|Posted:||December 8, 2020 02:14 PM|
|From:||Senator Scott E. Hutchinson|
|To:||All Senate members|
|Subject:||State Highway Law Revision|
|In the near future I intend to re-introduce legislation amending the State Highway Law to require that PennDOT maintain all surface and subsurface drainage facilities connected with the state highways within boroughs and incorporated towns with populations equal to or less than 2,500 people.
Currently, responsibility for state highway maintenance varies based on municipality type. Generally, if the state highway is located in a township then surface and subsurface drainage systems are maintained by PennDOT, and if the state highway is located in a borough or incorporated town then only the surface of the road is maintained leaving the subsurface maintenance to the borough or town.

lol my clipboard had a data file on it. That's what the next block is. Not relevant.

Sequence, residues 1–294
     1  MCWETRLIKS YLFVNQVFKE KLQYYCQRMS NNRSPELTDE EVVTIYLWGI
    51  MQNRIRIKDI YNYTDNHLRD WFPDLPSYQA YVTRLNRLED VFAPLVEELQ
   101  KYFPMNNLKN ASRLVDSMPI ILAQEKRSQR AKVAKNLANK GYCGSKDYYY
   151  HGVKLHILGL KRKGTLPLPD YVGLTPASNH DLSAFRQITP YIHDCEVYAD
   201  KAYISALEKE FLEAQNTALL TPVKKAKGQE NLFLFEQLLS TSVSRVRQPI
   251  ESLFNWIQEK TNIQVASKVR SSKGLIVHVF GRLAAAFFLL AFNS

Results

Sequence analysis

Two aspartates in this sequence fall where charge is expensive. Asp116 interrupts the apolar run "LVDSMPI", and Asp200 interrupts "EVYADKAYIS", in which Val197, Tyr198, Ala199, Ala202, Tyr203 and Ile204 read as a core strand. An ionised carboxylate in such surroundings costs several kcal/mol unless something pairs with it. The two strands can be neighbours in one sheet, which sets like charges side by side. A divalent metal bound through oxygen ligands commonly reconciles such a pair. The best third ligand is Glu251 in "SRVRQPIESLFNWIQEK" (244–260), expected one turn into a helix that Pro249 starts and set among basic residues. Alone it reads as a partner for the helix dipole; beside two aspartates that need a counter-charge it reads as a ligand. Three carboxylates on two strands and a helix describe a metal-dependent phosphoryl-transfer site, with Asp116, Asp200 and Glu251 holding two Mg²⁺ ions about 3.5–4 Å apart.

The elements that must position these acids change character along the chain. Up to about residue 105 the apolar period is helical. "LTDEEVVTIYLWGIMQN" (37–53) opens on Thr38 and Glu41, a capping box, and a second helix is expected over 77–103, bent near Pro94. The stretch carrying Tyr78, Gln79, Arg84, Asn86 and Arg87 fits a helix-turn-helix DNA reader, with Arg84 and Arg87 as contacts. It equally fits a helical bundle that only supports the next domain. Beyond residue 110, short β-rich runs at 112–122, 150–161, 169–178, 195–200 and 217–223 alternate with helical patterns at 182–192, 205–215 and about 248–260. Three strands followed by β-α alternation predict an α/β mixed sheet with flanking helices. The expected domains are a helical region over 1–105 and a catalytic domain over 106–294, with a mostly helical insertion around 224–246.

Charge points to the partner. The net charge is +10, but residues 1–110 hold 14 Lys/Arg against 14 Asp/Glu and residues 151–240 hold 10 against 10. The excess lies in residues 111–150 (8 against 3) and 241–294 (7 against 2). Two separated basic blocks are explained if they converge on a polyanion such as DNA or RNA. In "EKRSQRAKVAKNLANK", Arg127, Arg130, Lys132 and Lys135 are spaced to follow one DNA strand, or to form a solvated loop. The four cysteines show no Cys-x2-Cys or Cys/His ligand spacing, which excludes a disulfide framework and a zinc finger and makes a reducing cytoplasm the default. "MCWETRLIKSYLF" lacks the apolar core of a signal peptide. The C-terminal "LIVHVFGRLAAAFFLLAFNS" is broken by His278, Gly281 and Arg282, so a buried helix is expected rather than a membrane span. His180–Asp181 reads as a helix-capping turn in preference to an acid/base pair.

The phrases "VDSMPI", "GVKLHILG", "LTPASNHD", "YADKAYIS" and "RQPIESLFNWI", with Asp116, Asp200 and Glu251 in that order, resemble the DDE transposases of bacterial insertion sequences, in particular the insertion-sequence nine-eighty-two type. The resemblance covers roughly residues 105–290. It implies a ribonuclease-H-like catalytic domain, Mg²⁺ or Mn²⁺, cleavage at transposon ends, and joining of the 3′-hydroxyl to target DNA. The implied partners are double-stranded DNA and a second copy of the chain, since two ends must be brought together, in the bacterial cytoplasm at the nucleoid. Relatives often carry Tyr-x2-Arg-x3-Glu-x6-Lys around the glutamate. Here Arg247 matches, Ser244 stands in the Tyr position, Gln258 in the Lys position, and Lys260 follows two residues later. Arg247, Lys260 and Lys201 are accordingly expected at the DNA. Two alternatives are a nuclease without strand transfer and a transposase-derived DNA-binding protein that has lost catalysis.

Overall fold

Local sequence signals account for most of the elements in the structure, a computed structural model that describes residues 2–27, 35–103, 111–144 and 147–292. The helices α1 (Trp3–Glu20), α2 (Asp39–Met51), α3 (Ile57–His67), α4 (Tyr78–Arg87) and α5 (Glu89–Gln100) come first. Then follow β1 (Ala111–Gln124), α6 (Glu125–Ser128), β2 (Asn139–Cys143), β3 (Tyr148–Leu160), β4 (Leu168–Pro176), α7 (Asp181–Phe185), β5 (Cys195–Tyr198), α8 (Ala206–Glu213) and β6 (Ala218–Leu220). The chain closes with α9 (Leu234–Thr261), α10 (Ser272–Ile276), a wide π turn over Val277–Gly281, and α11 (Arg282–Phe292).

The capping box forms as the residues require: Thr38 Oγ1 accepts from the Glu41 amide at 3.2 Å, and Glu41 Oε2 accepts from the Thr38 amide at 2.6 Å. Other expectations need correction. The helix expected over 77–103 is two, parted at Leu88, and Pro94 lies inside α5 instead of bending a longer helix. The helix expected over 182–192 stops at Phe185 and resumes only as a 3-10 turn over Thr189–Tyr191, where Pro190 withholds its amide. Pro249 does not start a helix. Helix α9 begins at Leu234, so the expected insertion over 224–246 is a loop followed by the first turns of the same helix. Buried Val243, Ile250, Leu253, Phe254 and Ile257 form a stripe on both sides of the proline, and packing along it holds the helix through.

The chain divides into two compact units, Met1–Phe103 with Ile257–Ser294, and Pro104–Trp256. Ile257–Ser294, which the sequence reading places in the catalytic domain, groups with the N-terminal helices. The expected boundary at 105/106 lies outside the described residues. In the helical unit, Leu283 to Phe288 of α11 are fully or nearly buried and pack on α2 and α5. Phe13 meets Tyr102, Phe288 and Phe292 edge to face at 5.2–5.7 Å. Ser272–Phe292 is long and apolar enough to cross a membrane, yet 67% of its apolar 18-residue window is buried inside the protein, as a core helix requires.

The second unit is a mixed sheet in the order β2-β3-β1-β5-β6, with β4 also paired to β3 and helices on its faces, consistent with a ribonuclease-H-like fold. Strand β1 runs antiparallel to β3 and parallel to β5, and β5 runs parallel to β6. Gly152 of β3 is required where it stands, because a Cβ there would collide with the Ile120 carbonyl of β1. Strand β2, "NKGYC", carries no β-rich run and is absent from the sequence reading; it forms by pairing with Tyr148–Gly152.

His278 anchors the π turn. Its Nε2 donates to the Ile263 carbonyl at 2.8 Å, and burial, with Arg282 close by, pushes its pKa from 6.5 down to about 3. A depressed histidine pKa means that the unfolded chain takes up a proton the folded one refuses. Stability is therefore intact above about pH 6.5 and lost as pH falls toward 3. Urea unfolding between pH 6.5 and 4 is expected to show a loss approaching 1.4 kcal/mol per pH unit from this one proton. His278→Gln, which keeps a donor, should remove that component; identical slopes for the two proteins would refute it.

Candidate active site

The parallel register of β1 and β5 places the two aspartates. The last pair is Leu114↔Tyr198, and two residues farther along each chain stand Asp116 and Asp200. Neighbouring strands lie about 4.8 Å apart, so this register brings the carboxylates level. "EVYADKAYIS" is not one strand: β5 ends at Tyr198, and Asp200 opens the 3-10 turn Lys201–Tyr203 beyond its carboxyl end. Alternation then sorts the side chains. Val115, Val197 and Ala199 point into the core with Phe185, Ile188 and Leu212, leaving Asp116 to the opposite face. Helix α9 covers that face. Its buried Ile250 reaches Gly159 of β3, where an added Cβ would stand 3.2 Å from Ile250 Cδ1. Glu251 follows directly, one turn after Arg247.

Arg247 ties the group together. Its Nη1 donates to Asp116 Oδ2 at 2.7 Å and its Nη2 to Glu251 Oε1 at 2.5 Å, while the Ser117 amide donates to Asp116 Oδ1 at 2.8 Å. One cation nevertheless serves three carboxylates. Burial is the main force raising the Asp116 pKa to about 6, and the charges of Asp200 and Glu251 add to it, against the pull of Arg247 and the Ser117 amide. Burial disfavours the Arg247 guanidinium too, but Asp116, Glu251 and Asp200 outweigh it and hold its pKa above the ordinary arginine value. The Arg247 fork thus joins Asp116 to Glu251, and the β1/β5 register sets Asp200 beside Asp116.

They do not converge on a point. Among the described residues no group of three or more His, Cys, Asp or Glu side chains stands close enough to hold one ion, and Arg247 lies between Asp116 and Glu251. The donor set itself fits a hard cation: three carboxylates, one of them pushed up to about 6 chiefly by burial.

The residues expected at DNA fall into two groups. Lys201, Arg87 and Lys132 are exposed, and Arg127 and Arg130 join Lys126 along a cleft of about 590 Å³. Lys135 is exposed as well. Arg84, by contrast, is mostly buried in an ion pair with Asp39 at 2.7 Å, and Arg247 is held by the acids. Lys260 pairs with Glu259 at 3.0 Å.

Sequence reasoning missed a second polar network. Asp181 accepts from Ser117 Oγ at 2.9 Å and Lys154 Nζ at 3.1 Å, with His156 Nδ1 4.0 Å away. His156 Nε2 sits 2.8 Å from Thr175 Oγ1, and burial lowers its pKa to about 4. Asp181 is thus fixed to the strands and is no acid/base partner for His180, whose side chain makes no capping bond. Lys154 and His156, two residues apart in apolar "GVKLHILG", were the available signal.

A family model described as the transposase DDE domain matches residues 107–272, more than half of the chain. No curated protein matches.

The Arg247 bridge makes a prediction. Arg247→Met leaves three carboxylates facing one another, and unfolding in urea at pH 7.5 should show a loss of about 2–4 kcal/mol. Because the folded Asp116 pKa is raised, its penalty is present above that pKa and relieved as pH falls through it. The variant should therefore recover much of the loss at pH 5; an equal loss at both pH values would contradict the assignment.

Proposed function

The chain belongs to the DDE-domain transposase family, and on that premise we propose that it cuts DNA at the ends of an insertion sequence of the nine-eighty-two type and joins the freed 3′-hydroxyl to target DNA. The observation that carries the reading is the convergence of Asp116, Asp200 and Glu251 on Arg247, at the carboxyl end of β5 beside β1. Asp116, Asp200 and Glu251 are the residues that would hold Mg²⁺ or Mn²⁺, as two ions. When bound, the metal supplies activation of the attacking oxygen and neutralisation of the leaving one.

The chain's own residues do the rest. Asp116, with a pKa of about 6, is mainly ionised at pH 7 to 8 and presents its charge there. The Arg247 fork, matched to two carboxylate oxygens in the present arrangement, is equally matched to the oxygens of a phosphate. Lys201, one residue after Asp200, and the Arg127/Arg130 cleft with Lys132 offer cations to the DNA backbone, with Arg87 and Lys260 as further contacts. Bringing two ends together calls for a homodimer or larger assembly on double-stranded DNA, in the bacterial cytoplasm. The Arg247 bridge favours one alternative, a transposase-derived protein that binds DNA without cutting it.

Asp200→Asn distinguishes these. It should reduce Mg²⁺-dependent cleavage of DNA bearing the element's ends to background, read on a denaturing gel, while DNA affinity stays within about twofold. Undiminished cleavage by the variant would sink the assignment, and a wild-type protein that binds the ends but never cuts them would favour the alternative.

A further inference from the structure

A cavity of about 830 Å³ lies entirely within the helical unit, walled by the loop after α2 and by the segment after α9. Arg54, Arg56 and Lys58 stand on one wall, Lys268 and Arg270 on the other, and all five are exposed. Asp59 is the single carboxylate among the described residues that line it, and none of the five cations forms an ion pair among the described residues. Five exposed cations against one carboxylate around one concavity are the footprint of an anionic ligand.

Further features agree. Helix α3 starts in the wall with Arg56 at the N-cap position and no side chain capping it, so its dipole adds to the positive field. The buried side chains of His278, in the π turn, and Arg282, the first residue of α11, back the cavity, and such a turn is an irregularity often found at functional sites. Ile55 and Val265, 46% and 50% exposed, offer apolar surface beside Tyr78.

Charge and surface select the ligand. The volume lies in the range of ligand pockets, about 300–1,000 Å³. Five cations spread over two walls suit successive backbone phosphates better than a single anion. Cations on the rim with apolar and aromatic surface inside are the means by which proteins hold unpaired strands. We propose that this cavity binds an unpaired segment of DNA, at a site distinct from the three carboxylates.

When the State Highway Law was originally passed, townships were small and boroughs and towns were where people lived outside of cities. The boroughs consequently had the financial ability to maintain the subsurface of the road where a township did not. In the more than 50 years since the State Highway Law was passed, the population distribution in Pennsylvania has changed dramatically. Boroughs have seen a decline in population over the years with people moving to townships or cities. This leaves the boroughs and towns with less tax base to maintain the subsurface of the state highways in their boundary. This maintenance then results in a financial strain on boroughs and towns, causing them to either cut services or increase taxes on an already shrinking and strained population.
Boroughs and incorporated towns are the backbone of rural Pennsylvania, and changing this law to reflect the current residential trends in our state would help to make boroughs and incorporated towns more solvent and successful for the citizens living in them.
Please join me in sponsoring this important legislation. If you have any questions, please feel free to contact Nathan Akers in my office at firstname.lastname@example.org or 717-787-9684.
Introduced as SB283